By: Kent Engelke | Capitol Securities
Markets were relieved the tariffs are not as onerous as first expected. President Trump followed through on his pledge to impose tariffs on imported steel and aluminum, while excluding Canada and Mexico and leaving the door open to sparing other countries if they met one on one with the US.
In some regards, the President is utilizing the time honed strategy of brinkmanship. As I commented the other day, I am a free trade advocate, but I do not have a clue as to whether or not free trade actually occurs. To comment is meaningless, but to comment about the environment is perhaps informational.
What is documented, during the Cold War America permitted the dumping of products on our markets to lessen the probability of a communist takeover for such was more palpable and cheaper than conflict. As noted the other day, some believe this concept morphed during the last eight years in an attempt at global wealth redistribution.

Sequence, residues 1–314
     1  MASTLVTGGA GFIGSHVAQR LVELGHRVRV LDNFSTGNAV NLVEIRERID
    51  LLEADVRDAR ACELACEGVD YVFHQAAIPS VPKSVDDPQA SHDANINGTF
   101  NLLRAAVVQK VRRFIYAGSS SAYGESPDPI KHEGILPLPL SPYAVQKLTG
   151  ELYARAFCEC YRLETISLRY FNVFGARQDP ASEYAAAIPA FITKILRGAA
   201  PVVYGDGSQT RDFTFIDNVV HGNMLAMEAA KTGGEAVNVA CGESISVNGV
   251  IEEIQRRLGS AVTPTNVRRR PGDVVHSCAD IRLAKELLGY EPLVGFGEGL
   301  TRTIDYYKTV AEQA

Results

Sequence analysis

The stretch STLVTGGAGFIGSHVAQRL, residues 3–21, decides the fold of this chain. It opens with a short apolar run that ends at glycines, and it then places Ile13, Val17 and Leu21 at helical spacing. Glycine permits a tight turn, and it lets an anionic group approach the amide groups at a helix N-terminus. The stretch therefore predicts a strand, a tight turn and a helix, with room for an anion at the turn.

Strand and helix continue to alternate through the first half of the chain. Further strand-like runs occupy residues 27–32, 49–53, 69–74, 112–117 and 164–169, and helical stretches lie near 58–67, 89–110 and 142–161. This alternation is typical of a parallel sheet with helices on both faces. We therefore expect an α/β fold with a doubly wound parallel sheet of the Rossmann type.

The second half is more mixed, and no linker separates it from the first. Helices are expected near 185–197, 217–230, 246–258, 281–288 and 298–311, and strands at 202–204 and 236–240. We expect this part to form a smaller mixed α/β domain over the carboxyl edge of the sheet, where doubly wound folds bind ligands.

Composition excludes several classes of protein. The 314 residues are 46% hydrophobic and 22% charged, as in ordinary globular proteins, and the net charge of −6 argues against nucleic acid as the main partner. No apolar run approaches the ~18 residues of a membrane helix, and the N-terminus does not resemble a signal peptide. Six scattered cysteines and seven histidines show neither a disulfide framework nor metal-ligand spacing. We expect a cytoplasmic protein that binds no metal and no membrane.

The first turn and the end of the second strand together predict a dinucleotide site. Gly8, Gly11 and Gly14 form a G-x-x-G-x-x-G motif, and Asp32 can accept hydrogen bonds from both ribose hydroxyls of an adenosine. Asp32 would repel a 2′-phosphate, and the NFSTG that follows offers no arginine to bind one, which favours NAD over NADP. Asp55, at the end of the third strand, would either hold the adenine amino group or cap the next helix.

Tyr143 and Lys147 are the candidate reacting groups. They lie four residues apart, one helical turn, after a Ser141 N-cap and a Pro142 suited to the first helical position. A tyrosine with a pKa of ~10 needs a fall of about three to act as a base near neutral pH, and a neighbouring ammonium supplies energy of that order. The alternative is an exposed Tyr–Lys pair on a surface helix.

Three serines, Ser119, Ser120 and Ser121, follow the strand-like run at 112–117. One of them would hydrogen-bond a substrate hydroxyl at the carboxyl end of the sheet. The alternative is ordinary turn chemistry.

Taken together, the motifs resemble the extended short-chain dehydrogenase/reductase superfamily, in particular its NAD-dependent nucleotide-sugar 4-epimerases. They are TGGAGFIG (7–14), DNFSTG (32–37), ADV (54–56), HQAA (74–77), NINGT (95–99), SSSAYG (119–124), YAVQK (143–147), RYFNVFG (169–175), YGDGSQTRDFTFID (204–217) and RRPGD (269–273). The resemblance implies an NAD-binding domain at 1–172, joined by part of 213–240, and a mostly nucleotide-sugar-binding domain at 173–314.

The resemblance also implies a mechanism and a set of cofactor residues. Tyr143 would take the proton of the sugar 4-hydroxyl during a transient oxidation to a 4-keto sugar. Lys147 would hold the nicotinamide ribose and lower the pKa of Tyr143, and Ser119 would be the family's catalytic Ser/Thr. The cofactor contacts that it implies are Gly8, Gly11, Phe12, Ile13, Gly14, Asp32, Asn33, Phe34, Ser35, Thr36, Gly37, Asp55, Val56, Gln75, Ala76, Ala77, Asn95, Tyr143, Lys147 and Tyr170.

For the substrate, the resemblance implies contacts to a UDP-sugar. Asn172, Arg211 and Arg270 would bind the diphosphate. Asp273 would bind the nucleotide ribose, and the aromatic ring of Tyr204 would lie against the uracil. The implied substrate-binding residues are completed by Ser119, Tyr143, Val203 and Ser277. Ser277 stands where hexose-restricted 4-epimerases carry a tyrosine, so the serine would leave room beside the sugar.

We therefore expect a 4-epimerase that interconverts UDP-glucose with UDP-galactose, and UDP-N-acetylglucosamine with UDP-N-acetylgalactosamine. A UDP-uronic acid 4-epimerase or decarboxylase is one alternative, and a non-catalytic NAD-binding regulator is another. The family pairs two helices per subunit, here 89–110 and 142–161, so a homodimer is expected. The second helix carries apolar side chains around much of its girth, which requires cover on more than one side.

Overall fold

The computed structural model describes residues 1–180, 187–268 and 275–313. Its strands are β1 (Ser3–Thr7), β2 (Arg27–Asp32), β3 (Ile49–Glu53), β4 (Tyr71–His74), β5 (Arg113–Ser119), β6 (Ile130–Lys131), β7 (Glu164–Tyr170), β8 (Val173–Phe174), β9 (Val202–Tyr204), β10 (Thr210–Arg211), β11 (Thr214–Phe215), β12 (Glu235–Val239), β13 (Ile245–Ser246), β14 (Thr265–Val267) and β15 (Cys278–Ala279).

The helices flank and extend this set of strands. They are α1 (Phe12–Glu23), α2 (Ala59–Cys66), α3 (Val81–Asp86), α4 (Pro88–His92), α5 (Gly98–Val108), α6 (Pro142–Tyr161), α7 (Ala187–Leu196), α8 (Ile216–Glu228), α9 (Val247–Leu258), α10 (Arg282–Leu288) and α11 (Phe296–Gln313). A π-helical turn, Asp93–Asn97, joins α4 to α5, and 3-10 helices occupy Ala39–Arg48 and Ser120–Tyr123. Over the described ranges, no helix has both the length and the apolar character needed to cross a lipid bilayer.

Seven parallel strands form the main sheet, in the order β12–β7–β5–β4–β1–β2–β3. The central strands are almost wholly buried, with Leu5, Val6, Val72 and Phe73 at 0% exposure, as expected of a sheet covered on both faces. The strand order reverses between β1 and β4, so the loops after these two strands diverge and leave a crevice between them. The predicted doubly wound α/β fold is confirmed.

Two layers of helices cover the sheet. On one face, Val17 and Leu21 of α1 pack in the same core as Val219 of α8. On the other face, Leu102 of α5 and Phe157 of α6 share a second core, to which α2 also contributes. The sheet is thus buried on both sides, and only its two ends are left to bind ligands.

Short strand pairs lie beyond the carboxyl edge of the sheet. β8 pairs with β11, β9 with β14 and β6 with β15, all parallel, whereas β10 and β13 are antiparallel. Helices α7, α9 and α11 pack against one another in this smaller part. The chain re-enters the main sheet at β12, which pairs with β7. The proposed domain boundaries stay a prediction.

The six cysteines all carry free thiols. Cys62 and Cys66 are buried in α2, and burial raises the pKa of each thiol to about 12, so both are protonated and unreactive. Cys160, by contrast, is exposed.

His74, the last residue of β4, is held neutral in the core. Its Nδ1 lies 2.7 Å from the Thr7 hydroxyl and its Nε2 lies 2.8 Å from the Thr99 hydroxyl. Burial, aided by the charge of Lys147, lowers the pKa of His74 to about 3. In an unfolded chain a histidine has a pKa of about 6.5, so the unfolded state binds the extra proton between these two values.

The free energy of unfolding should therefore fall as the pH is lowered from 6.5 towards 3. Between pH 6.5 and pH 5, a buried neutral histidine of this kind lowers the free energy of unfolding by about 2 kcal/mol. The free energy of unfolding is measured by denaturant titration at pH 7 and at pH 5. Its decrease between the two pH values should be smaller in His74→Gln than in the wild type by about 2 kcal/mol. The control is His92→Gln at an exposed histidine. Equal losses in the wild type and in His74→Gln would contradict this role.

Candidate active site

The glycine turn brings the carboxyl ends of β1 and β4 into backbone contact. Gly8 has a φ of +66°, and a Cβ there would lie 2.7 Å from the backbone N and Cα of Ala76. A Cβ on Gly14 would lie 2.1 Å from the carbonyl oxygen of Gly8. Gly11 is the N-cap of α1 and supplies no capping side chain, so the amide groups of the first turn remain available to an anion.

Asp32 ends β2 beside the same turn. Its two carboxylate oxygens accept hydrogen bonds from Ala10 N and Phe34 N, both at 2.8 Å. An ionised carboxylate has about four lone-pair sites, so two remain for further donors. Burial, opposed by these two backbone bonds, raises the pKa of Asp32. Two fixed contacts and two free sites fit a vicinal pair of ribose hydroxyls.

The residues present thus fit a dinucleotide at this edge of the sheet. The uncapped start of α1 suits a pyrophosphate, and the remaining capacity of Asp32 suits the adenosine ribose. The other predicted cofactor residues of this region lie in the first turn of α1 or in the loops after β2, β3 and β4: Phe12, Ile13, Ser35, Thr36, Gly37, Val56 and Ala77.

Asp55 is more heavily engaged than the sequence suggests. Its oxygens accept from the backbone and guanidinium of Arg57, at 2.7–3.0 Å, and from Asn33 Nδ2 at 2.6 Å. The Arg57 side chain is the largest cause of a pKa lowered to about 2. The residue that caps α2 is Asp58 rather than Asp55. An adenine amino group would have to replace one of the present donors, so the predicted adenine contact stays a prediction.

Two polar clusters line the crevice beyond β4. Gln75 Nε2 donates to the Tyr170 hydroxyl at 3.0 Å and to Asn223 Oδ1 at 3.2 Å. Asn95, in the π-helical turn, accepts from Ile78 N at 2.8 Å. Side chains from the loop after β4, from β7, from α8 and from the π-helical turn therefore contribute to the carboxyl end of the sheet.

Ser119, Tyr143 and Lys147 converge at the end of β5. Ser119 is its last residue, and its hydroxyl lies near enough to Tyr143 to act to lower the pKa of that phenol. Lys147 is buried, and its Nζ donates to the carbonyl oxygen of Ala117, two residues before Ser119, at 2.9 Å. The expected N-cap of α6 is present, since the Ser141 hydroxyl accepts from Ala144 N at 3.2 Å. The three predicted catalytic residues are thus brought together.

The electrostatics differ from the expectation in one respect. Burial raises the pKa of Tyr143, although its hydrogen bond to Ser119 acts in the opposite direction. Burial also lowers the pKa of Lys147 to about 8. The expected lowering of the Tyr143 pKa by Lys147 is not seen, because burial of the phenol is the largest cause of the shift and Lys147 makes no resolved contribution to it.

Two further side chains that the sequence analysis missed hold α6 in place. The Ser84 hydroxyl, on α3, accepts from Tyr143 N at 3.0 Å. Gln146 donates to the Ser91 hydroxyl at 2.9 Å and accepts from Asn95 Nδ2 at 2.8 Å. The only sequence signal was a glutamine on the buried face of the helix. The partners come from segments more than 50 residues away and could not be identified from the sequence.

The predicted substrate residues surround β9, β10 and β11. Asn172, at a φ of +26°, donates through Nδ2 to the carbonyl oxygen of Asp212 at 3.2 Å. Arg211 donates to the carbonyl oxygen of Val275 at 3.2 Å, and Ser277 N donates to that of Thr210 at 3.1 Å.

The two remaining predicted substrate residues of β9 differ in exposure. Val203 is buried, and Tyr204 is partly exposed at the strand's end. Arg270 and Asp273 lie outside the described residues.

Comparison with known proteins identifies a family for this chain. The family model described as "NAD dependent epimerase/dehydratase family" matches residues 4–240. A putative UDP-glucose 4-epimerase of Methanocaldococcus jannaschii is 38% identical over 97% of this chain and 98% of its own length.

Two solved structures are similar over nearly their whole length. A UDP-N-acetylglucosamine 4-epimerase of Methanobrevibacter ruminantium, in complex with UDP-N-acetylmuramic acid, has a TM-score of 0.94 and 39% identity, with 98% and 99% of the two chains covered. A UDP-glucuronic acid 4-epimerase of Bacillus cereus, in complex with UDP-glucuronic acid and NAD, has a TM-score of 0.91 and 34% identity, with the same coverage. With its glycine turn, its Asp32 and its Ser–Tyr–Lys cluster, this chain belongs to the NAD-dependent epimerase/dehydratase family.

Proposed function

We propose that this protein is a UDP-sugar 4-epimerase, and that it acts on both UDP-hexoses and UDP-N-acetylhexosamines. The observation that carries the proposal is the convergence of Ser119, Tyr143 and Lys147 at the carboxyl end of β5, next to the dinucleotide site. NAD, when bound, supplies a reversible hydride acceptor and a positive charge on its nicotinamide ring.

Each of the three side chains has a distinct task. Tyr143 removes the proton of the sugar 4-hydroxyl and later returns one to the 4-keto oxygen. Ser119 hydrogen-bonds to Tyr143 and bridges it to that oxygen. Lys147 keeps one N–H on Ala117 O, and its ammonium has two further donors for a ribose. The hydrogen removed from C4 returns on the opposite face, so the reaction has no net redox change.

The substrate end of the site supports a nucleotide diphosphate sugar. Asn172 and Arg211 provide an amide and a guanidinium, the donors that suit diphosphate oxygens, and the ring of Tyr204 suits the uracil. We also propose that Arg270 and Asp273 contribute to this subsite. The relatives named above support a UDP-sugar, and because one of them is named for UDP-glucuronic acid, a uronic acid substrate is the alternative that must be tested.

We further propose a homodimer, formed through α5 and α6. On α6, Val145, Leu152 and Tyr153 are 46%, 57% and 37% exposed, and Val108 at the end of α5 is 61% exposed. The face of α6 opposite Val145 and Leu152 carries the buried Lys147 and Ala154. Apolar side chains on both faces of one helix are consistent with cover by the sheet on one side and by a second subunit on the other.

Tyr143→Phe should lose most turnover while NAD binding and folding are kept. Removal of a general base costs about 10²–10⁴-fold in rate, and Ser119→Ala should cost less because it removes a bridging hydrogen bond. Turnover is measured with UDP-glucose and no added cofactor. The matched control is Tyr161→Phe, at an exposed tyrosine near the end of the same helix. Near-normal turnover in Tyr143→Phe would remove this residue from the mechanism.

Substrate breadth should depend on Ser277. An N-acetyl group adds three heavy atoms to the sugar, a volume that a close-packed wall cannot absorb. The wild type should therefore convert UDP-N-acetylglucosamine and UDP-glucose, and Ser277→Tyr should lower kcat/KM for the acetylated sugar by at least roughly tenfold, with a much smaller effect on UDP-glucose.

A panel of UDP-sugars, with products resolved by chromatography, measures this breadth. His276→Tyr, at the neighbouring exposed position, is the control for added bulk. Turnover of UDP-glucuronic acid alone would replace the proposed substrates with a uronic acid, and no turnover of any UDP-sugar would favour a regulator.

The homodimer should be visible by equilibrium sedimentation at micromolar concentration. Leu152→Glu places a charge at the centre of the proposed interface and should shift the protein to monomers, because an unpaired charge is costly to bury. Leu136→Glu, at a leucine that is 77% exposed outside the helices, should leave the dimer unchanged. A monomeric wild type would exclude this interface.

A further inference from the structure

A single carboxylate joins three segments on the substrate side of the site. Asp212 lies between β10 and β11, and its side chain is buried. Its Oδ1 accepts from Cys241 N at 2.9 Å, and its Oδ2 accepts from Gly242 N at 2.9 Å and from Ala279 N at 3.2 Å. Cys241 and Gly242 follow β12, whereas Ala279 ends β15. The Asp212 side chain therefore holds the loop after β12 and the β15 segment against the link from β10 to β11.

The issue at hand is the global economic infrastructure is based upon today’s policies and any change will be tectonic. All have learned to live in the current structure regardless if it is “fair” or not. There are billions of dollars in sunken costs that may or may not be recovered if current rules change, rules that indicate whether or not “free trade” actually exists.
Today all will focus on the all-inclusive February GDP data that is released at 8:30. Analysts are expecting a 205k increase in farm and non-farm payrolls, a 4.0% unemployment rate, a 0.2% increase in hourly earnings, a 34.4 hourly work week and a 62.7% labor participation rate. Will the data confirm January’s statistics?
Last night the foreign markets were mixed. London was down 0.05%, Paris was up 0.03% and Frankfurt was down 0.38%. China was up 0.57%, Japan was up 0.47% and Hang Sang was up 1.11%.
The Dow should open flat, but this could change dramatically if the 8:30 data is sharply different than consensus. The 10-year is off 5/32 to yield 2.89%.